[Originally posted at SF Novelists.]
Almost every “how to write” book I’ve ever seen has a section devoted to style. Or sometimes voice. Or sometimes one for each. Frequently with vaporous declarations about it arising from the writer’s soul in some mysterious, half-divine fashion.
I have a secret to share.
When it comes to this subject, I don’t think we — writers as a group — have any idea what we’re talking about.
Okay, maybe that’s an unfair way to put it. More accurate to say, I don’t think we have any agreement as to what we’re talking about. I have seen writing advice that says style can’t be taught, but voice can. I have seen writing advice that says voice can’t be taught, but style can. About the only thing the advice has in common from book to book is that sooner or later, that vaporous declaration will show up. Style, or voice — whatever term the author has decided to use — is innate. No teacher can show you the way. The style that can be described is not the true style. This journey, you must make alone.
It’s impossible to pin down the truth of that statement because we can’t even agree on what it is we’re discussing. Is style/voice/whatever (henceforth to be known as SVW) a matter of word choice? Sentence structure? Imagery? Motifs the author returns to again and again? Every last one of those things can be described and taught. Apparently statistical analysis of a writer’s work will show that they have a characteristic vocabulary. Okay, fine: so give me a list of Jane Austen’s characteristic vocabulary, I’ll sit down and diagram a thousand of her sentences, and when that’s done I’ll produce prose more or less indistinguishable from hers. Will I enjoy doing it? No, probably not, because it would be a mechanical exercise rather than my own preference. But I can learn those aspects of SVW — just as technical writers learn a job-specific SVW, and scientists learn one, and legal writers learn one, and so on. Likewise, I could sit down and study what kinds of conflicts Austen presents, and how she handles them, and I could slavishly imitate her. If that’s what we mean by SVW, I can learn that, too.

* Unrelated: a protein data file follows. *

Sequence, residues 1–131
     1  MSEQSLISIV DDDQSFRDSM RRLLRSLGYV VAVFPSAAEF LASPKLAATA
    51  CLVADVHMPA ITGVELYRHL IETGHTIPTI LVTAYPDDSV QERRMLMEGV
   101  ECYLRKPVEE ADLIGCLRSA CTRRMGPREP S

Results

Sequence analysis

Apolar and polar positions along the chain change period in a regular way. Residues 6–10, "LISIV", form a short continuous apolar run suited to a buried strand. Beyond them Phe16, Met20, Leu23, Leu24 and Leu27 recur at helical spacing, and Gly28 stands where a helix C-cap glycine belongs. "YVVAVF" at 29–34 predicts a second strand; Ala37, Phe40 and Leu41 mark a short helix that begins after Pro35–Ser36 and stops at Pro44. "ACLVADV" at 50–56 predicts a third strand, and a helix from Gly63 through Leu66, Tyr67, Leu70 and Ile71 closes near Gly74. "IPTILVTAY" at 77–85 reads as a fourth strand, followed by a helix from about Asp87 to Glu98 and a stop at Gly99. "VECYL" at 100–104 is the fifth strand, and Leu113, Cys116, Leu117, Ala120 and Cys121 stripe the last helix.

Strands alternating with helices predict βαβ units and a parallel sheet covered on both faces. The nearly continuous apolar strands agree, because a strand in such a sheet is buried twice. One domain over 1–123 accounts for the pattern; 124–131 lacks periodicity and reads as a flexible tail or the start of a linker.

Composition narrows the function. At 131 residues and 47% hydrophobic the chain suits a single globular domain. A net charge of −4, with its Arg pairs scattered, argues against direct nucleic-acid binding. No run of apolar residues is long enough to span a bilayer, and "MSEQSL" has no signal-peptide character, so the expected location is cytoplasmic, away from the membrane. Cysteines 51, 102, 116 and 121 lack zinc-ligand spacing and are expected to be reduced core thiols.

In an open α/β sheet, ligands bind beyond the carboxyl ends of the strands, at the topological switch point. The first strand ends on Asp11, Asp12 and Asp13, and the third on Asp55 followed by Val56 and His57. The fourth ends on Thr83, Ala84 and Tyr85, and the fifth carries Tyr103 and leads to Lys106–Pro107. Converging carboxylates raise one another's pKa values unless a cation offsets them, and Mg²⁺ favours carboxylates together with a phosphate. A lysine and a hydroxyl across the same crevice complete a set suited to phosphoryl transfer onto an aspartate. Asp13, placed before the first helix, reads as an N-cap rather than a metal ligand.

So maybe what we mean by SVW is just “personality.” I’d go batty forcing myself to write exactly like Jane Austen, because she and I are very different women. But then arguing for how you need to “develop your voice” (by some mysterious, vaporous process) doesn’t really get us anywhere, does it? Such advice is like a less-useful version of the kind of self-help book that purports to teach you “how to be interesting.” I mean, at least those books counsel you to learn a repertoire of half a dozen jokes you can trot out at cocktail parties, or whatever. Writing books just wave their hands in the air. It’s the last refuge of the Romantic ideal of creative genius, perhaps. We’ve accepted that there’s a craft to writing, and much of that craft can be anatomized to one degree or another (though internalizing its processes is easier said than done), but this final thing is a spiritual enigma. Wooooo! <waves hands in the air>
I’m going to be teaching a three-week writing course this summer, and you know what doesn’t have a place on my syllabus? SVW. Because I think my students will gain more from me avoiding vapor. We’ll play around with word choice and sentence structure and imagery and motifs, and I’ll encourage them to write silly things and serious things and horrific things and things that make them go “wow.” They’ll learn how to approach different kinds of story, and acquire skills that can be applied in different ways. Somewhere in there, they’ll figure out what makes their brains light up. And some aspect of that, perhaps, another writer would identify as “style.” Another would call it “voice.” For my own part, I don’t much care.